Silje Wollan Einum
Norway has newly implemented the EU's ninth and latest package of economic and individual sanctions intended to step up pressure on the Russian Federation and its government. The new measures include:
Export controls and restrictions
Energy and mining sectors
Additional listings of persons/entities
In order to avoid disruptions in the payment channels for agricultural products and combat food insecurity around the world, a new derogation has been introduced, allowing to unfreeze assets of, and to make funds and economic resources available to, certain already designated persons who held significant roles in international trade relating to agricultural and food products, including wheat and fertilisers.
The Norwegian Regulations has been changed to clarify that transfer and purchase of listed goods internally in Norway is permitted, as well as the purchase, import and transfer of listed goods from EU to Norway. The change will harmonize the practice of import regulations with the EU.
On 3 February 2023, EU countries agreed on the European Commission proposal to set price caps of $100 per barrel on premium Russian oil products such as diesel and a $45 cap per barrel on discounted products such as fuel oil.
Based on our experience from on-going assignments we observe a significant increase in circumvention risk. E.g. we see Russian actors moving assets and property interests to jurisdictions such as the United Arab Emirates (UAE) also involving shelf companies with "clean history" and straw men acting on behalf of Russian interests. Dealing with entities located in high-risk jurisdictions entail generally an increased risk for sanctions and money laundering (AML) offences.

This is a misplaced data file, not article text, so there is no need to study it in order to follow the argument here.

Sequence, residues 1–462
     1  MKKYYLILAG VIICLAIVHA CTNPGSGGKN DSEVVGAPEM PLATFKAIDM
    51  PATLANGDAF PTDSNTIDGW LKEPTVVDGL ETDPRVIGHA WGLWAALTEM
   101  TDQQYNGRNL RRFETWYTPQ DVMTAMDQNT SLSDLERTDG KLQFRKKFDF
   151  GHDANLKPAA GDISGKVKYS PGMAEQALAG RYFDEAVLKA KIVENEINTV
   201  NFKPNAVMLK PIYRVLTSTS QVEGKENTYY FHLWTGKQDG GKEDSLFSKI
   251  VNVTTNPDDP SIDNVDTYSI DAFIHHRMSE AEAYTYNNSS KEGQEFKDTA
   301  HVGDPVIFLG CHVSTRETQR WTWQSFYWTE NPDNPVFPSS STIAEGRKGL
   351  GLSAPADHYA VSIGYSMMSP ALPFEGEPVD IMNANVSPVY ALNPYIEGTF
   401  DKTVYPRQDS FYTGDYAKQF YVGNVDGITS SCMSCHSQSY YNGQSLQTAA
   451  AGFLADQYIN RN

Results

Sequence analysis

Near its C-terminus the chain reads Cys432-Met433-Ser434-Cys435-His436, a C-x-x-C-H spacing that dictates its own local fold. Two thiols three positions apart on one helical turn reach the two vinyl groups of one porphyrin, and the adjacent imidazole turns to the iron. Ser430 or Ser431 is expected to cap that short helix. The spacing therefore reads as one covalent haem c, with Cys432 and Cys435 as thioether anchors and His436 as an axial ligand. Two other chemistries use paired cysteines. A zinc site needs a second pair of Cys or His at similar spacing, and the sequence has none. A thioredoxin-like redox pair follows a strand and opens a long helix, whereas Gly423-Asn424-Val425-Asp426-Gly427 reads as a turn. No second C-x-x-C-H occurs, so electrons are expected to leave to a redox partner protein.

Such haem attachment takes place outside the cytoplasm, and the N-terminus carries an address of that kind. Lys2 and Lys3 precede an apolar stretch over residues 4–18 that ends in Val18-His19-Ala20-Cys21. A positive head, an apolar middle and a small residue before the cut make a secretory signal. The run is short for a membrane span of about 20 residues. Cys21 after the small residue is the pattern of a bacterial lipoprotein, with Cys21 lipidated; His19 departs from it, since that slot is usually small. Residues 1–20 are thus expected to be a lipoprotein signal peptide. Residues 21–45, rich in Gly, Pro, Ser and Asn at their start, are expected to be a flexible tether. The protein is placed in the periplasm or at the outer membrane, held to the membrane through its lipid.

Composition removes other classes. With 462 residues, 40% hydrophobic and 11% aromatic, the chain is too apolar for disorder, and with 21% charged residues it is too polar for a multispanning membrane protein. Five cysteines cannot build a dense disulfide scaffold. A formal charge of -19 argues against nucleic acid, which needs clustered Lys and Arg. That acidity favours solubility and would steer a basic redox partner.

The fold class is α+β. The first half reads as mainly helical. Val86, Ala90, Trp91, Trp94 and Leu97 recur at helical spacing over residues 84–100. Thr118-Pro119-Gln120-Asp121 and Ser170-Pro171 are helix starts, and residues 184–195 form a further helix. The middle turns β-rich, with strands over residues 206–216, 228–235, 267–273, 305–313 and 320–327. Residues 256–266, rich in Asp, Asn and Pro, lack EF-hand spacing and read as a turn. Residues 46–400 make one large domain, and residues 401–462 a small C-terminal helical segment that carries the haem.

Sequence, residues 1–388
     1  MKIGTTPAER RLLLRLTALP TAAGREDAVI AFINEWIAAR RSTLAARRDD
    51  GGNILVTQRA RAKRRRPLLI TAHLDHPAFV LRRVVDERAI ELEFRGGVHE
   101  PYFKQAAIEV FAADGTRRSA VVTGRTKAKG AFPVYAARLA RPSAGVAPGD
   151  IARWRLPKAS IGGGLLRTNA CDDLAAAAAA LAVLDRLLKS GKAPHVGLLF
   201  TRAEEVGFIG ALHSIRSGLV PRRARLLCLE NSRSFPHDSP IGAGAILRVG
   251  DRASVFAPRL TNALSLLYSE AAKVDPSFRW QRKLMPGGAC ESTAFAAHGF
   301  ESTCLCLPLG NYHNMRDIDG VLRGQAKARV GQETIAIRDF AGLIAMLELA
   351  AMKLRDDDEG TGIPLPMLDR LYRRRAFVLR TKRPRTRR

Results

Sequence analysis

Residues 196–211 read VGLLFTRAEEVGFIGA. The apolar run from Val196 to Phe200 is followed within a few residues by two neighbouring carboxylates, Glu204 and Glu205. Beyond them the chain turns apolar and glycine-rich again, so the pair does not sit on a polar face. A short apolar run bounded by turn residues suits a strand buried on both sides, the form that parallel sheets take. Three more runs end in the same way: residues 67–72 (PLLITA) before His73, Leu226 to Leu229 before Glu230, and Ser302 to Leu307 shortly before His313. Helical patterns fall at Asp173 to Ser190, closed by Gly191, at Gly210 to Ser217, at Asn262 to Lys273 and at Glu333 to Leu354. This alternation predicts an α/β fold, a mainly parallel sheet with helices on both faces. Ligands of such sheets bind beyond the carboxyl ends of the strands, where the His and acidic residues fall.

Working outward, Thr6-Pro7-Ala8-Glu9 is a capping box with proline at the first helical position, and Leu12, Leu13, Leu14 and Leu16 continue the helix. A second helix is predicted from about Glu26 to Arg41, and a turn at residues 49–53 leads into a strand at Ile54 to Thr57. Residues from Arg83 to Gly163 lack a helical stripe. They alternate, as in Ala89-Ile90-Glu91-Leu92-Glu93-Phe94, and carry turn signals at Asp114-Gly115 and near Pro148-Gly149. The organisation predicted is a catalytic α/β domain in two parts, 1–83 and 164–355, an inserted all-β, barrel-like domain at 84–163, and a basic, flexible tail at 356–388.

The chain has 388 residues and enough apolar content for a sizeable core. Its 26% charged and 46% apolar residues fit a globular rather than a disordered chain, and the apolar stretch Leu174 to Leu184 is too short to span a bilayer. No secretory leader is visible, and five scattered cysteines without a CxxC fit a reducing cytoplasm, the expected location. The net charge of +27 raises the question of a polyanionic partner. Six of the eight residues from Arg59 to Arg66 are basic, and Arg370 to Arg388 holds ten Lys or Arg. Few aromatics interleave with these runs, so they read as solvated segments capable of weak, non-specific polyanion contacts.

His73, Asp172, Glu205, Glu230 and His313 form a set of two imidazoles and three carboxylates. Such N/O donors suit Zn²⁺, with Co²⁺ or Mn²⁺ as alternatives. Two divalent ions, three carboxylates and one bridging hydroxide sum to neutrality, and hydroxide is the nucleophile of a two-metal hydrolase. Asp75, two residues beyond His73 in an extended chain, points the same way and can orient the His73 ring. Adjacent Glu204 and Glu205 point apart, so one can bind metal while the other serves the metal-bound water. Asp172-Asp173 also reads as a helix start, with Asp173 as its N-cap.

Navigating sanction risks in an increasingly complex and rapid changing regulative environment is challenging. Norwegian entities that are directly or indirectly exposed to business partners in risk intense jurisdictions should conduct a sanctions risk assessment and implement targeted measures such as screening of counterparties and beneficial owners and negotiating robust compliance clauses in agreements. Having adequate and risk-based internal policies and procedures in place to ensure compliance with sanctions and other compliance risks such as money laundering and tax evasion is more important than ever.
Please note that these updates do not constitute legal advice, nor do they provide an exhaustive description of all sanctions in place and the exemptions. Any person or entity involved in business activities in any way related to Russia, Belarus or Ukraine should carefully assess how they are affected by the sanctions. Schjødt's sanctions team is ready to assist in this regard.